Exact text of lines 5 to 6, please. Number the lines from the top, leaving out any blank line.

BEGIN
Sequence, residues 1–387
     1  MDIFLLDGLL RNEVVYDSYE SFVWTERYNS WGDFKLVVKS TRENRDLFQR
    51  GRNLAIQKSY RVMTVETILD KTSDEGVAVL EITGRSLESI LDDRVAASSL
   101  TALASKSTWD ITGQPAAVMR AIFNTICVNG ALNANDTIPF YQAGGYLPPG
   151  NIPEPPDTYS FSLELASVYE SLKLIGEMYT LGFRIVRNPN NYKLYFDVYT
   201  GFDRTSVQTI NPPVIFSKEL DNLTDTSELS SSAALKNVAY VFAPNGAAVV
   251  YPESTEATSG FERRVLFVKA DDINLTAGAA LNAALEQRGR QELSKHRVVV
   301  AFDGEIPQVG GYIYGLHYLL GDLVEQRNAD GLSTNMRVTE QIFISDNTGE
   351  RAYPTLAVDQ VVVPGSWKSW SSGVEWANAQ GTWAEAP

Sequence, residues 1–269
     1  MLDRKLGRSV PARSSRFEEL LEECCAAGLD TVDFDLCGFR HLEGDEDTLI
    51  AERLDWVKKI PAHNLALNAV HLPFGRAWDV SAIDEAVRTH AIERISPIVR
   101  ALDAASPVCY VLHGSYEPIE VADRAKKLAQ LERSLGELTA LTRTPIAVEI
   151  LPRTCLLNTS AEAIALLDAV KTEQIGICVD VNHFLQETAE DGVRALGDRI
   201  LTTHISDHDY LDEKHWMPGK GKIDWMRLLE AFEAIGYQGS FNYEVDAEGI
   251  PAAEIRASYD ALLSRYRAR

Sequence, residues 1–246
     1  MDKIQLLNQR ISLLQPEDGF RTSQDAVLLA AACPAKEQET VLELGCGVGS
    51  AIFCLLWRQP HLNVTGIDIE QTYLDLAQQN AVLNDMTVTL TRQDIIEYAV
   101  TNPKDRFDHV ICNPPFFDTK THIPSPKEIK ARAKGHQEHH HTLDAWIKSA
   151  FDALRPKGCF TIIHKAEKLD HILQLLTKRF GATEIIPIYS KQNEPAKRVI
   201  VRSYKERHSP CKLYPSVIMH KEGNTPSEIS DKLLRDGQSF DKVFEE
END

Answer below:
   151  NIPEPPDTYS FSLELASVYE SLKLIGEMYT LGFRIVRNPN NYKLYFDVYT
   201  GFDRTSVQTI NPPVIFSKEL DNLTDTSELS SSAALKNVAY VFAPNGAAVV